The military professionals, including those in the navy are expected by the society to follow a higher moral standard. It is the mission and the image that people or the society sees upon these professionals. As such, there is a need for the strict implementation of professional ethics and moral codes. Generals or commanders always enforce their troops or subordinates to follow moral goodness.
If moral failure occurs or when an officer was not able to follow direct orders given to him, they give reprimands and even punishments. The punishment can either be suspension, dismissal from service, demotion or being jailed in a military prison. Furthermore, because of these expectations and high moral standards, moral problems of the slightest case are treated immediately. Actions are done in order to correct whatever mistake was committed that may put a blemish on the name of the navy.
In an article by Sara Corbett, which was published on March 18, 2007 at the New York Times, a female United States Navy faced melancholy and turmoil due to a simple moral problem that she committed. The United States Navy at that time had to depart or be deployed in Iraq for the war. Due to personal reasons, Suzanne Swift who was a 21-year-old, went AWOL or absence without official leave.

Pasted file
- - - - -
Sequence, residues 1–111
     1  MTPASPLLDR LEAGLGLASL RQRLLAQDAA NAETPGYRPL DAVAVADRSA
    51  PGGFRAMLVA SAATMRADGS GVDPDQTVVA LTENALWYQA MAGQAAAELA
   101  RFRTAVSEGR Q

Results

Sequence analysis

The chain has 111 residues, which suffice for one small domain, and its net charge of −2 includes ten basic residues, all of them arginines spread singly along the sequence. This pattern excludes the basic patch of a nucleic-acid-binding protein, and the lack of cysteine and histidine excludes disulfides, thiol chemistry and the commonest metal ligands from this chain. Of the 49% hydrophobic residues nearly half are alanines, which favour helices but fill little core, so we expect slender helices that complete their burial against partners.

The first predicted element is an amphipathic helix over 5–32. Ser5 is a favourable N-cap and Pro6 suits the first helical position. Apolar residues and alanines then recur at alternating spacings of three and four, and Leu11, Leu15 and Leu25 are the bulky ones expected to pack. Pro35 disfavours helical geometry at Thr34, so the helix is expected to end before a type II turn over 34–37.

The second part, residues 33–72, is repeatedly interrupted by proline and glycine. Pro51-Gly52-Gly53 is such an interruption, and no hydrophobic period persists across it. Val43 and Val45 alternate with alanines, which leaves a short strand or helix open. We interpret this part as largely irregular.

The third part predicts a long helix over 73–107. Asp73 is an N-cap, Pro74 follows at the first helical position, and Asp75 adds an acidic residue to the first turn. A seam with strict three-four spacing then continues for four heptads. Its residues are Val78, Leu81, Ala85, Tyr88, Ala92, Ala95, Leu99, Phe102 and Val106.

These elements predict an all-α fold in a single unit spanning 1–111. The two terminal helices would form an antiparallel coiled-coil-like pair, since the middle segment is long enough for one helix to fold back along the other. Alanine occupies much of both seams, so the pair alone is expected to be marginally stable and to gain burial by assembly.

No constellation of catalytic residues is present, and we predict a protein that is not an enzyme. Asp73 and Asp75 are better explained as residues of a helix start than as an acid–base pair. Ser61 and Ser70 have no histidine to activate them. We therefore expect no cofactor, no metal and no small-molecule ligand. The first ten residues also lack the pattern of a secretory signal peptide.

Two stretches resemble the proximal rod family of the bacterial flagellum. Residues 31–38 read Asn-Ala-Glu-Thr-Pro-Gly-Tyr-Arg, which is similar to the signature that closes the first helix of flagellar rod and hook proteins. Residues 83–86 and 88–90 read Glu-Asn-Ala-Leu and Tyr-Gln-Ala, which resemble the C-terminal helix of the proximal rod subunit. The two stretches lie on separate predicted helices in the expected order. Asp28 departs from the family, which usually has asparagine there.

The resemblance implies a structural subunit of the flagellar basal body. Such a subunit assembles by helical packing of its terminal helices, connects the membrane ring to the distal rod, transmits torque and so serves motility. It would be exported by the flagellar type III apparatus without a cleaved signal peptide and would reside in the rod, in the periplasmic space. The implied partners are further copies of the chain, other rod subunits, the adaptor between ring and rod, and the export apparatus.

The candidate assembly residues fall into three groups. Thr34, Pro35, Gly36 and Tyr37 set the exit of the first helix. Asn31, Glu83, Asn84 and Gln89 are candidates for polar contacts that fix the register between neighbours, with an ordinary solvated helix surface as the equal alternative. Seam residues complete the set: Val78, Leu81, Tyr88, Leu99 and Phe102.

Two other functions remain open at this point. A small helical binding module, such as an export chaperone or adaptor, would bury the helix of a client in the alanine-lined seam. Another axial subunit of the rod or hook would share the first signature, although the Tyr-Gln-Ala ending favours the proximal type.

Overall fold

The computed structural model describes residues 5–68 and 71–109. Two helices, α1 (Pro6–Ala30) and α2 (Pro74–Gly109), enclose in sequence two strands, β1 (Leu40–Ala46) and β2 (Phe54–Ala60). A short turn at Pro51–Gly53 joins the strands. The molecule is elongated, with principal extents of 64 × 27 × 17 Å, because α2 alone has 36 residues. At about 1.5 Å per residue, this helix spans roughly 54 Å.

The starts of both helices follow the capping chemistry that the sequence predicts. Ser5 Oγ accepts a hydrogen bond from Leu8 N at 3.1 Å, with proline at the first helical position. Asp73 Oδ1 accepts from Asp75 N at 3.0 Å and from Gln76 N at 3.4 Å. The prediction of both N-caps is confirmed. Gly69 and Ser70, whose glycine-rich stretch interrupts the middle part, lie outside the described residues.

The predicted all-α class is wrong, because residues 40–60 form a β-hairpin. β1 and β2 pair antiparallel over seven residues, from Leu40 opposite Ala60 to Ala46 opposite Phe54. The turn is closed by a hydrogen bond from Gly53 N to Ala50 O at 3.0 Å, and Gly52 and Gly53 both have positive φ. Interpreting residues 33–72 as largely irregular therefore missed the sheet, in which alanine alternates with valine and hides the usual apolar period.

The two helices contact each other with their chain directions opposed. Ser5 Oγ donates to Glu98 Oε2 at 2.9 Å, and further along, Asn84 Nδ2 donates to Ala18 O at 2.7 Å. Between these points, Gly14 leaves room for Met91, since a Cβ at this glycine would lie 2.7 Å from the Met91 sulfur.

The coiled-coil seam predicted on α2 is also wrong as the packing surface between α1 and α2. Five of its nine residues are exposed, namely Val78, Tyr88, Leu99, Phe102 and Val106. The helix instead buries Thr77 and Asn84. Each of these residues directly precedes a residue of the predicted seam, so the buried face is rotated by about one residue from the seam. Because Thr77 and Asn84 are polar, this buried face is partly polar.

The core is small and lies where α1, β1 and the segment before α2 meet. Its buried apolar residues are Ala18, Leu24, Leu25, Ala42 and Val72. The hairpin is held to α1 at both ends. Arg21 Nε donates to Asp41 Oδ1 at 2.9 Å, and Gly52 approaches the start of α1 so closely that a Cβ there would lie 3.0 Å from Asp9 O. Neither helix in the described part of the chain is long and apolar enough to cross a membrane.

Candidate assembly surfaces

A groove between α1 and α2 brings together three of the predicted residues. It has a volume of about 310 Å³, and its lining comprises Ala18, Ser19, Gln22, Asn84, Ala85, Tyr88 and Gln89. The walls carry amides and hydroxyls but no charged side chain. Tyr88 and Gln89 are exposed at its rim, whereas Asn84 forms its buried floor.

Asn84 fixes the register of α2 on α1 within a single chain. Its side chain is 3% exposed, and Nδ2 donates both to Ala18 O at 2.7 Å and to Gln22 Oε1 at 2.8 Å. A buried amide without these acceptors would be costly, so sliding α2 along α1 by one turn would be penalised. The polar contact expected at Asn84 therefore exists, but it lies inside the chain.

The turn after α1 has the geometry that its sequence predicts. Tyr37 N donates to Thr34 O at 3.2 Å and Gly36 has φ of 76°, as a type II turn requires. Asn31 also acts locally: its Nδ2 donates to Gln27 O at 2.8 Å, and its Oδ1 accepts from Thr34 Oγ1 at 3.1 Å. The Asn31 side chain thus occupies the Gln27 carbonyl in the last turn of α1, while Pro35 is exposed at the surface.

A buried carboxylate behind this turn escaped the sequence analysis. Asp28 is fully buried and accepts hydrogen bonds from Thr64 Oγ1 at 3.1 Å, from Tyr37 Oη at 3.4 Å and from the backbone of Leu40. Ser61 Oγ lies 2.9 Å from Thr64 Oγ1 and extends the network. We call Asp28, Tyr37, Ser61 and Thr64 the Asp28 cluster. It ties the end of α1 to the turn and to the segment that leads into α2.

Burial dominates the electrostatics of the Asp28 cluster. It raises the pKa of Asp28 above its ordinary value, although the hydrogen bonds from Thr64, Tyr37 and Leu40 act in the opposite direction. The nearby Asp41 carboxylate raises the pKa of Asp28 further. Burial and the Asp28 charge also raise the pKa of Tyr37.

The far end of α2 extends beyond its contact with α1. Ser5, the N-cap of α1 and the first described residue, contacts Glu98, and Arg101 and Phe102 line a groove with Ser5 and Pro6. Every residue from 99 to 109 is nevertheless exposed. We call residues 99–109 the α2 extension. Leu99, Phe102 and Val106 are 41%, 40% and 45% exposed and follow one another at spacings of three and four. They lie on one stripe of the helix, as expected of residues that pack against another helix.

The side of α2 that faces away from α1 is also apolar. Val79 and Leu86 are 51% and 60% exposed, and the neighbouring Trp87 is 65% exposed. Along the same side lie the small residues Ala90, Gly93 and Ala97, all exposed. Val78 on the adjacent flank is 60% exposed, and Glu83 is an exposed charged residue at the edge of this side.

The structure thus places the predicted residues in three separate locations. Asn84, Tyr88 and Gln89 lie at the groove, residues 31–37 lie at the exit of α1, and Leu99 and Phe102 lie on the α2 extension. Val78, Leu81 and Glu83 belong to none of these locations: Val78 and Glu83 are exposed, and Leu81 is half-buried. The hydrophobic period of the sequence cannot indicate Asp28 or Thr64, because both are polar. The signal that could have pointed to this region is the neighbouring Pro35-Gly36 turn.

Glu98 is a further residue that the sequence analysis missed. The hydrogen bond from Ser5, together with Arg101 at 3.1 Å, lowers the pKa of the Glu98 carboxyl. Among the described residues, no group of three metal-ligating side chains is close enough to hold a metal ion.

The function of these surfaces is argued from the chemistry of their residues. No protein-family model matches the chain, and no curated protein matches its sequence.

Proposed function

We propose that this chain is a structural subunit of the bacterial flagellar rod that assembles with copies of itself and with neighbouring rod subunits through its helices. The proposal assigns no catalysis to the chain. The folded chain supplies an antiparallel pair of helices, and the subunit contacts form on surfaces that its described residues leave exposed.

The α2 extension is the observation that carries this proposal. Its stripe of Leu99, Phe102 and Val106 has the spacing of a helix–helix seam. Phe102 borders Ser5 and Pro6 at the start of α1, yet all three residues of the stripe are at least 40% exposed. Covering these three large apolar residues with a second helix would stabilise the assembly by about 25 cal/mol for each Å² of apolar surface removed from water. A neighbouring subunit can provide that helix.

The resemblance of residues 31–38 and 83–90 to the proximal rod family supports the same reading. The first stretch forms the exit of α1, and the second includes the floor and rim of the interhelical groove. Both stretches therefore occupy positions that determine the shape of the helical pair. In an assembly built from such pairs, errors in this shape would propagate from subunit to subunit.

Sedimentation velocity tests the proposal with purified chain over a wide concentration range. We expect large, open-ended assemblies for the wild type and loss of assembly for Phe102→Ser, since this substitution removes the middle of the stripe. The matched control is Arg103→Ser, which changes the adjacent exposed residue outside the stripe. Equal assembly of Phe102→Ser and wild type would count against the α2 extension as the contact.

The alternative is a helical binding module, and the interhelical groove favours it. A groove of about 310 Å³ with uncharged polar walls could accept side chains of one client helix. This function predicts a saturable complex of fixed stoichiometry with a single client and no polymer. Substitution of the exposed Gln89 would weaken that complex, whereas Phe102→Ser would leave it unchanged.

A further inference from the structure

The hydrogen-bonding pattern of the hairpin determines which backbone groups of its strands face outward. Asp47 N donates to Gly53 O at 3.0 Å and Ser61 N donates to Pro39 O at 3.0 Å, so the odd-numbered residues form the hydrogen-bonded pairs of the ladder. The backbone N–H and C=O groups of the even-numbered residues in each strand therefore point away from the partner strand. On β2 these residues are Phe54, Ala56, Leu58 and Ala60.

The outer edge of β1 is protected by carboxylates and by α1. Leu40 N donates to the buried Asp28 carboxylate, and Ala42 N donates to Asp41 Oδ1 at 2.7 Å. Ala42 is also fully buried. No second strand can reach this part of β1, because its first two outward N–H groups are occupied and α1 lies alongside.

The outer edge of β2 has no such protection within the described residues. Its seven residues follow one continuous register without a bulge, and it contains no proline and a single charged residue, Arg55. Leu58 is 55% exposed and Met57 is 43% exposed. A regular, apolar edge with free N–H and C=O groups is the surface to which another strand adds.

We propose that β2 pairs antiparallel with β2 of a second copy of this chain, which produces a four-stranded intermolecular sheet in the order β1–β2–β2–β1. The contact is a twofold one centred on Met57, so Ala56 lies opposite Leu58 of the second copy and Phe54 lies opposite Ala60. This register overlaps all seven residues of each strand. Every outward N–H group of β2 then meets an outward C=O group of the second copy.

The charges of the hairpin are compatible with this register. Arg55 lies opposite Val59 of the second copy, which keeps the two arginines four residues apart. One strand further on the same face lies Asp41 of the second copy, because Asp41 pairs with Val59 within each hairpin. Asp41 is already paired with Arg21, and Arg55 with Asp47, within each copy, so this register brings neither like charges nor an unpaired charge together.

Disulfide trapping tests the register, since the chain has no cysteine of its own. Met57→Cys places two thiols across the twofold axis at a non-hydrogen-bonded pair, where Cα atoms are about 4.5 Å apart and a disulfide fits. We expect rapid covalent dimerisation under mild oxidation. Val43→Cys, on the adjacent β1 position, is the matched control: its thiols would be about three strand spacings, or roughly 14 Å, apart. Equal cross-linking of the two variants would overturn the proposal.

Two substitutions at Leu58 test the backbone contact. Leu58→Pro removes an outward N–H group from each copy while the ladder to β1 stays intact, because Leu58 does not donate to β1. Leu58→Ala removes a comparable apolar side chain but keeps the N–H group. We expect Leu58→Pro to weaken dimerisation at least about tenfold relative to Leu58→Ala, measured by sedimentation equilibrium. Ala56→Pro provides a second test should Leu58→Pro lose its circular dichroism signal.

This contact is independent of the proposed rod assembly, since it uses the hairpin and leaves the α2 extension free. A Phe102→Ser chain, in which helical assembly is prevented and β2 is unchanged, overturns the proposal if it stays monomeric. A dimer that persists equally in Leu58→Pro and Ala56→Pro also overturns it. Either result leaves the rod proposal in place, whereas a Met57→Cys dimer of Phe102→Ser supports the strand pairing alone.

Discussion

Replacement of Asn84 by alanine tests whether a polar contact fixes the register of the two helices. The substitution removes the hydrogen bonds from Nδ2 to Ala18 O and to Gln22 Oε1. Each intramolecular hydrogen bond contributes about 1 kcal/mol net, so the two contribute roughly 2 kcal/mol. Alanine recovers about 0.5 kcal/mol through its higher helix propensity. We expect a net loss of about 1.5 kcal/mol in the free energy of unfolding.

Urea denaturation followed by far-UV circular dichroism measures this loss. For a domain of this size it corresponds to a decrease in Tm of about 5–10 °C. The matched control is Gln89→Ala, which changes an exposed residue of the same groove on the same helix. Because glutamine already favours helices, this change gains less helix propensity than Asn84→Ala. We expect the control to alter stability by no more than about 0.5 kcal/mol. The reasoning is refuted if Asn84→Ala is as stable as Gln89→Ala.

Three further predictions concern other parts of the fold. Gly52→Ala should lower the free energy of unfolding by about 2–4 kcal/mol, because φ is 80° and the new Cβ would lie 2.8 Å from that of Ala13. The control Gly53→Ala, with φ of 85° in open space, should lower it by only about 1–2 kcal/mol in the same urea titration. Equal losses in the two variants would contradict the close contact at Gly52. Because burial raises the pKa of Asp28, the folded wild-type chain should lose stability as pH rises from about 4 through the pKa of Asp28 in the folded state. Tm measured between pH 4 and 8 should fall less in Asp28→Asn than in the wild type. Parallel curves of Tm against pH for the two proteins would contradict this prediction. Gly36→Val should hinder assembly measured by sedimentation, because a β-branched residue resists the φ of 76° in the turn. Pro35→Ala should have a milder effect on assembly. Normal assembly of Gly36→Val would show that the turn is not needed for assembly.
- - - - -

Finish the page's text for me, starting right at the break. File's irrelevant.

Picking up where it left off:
She did not report on her duties for two days and stayed away hiding from the navy through the help of her friends. She continuously received messages and calls from her superiors and fellow soldiers during her AWOL but still, she did not report on her duties. By the month of April, after the departure of the ship where Suzanne Swift was supposed to board, she returned to her family’s home (Corbett, 2007).
By the 11th of June, there were two local officers who visited her family’s home and found her painting her toenails. The local officers arrested Suzanne Swift and brought her to county jail. After two days, she was taken to Fort Lewis wherein she would be charged with being AWOL. Unable to continue her duties as a soldier, she was placed on a room in the barracks where she performed desk jobs. The military procedures when it comes to AWOL soldiers are really established that actions taken are promptly.
Utilitarianism refers to the doctrine of ethics wherein the action considered or taken is in the form of consequentialism. In addition to this, the course of action that is taken is solely determined by its contribution to overall utility. In simple terms, it is for the “greatest good for the greatest number of people” (Mill, 1998). In the case of Suzanne Swift, the navy left without her because it is the right thing to do, for them not to delay their mission and contribute to the benefit of the many.
On the other hand, it was not morally right for Swift to abandon her duties since she was merely thinking of herself and not the benefit of others. In the field, she could help her fellow soldiers and even aid in their cause, but she chose not to. Suzanne Swift has the right for a lawyer and the right to defend her stand, but if utilitarianism is considered as basis for judging her, then she would be instantly convicted guilty.
Corbett, Sara. "The Women's War." The New York Times (March 18, 2007). January 14, 2008
Mill, John Stuary. Utilitarianism. New York: Oxford University Press, 1998.